In the southern summer of 1978/79 I found myself in Valparaiso on secondment as a Commander from the South African Navy to the Armada de Chile or, as we know it, the Chilean Navy.
Chile and Argentina were sabre-rattling over the ownership of three small islands – Lennox, Picton and Nueva – situated off the coast of Tierra de Fuego in the vicinity of Cape Horn. Of no intrinsic value, these islands were strategically and economically important because of their location close to recently discovered oil finds in the Straits of Magellan. Both countries were on a war footing, pending a decision by the Pope, who was acting as Arbitrator, and the Chilean Navy was fully mobilised and deployed.
I had been assigned to the CNS Aquiles and joined her on the afternoon of 2 January 1979. She was classified as a attack transport – AP 47 – but had started out life as the Danish Faroe Islands ferry Tjaldur of 2,660 tons and 87.7 metres in length. She was singlescrewed and could steam at 16 knots. In her Chilean configuration she had a crew of 60; accommodation for 447 troops and had been fitted with a Bofors gun forward; another aft and two 0.5 inch machine guns – one on each side of the bridge.
On arrival alongside the ship appeared to be deserted by all but a small group of watch keepers. But, as I ascended the brow, I was piped aboard and welcomed by the officer of the day and quartermaster before being handed over to a steward. He took charge of my luggage and escorted me to my cabin. This was a typical ferry cabin; two bunks, one over the other; a locker; small private shower and toilet and outside porthole. I was not required to share it so I could utilise the top bunk as a shelf.
Dinner that night was a solitary affair in the officers’ wardroom with just me and a steward in attendance. Sleep that night was almost impossible as the strong afternoon sun had made my cabin like an oven, but eventually I drifted off, to be awakened by the sounds of the ship coming alive.
Breakfast was also a solitary affair, followed by morning “colours” which I observed from afar, noting with interest that the hoisting of the ensign was accompanied not by a bugle call or bosun’s pipe but by a blast on a Chilean horn!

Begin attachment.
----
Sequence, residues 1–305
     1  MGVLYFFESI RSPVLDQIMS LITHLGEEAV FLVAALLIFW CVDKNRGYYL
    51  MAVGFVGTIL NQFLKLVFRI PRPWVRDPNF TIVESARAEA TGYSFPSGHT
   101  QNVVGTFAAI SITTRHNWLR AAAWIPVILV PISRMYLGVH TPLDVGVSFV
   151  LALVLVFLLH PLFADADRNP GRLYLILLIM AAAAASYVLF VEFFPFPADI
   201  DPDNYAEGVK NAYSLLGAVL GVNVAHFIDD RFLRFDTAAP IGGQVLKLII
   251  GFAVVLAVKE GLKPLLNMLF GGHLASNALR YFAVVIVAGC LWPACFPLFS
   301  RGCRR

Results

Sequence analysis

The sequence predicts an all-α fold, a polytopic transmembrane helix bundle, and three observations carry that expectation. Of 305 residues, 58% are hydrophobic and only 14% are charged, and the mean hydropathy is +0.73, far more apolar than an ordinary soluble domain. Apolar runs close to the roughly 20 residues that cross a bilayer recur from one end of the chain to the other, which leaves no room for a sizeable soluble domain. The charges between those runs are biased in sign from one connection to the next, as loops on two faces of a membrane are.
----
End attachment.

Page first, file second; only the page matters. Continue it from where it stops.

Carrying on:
The Chilean Navy was established in the 1800s by a number of expatriate British Royal Navy officers and is still today very British in its traditions and outlook.
One of these is “elevenses”, or morning tea in the wardroom, and after an exploratory tour of the ship, I wandered along there to meet and mingle with my fellow officers. To my surprise, I found that I was not the only foreigner. I also found out why I was there. The Chilean Navy is very aware of the value of good publicity and, anticipating war, had gathered together a group of foreign naval officers and reporters on the Aquilles to observe and report back to their own navies, something similar to modern day “embedded” war correspondents.
In addition to me, there was the assistant US Naval Attaché – a lieutenant; two Brazilian Navy surveyor lieutenants; the editor of the Italian newspaper Il Tempo; a Communist Chinese journalist and a Japanese botanist. There were also the accompanying TV cameramen and sound teams and a large number of Chilean headquarters staff and scientists on their way to their Antarctic postings.
Later that day we got underway and, with no fuss or fanfare, slipped out of Valparaiso and headed south for Talcahuano. This was a dry and dusty industrial port with nothing to recommend it. However, it is Chile’s main naval base and was crowded with warships, all in various stages of mobilisation. Here we took aboard three “dotacions”, or delegations, one from each arm of the service – Army, Navy and Air Force – to relieve the garrisons which Chile maintains in the Antarctic.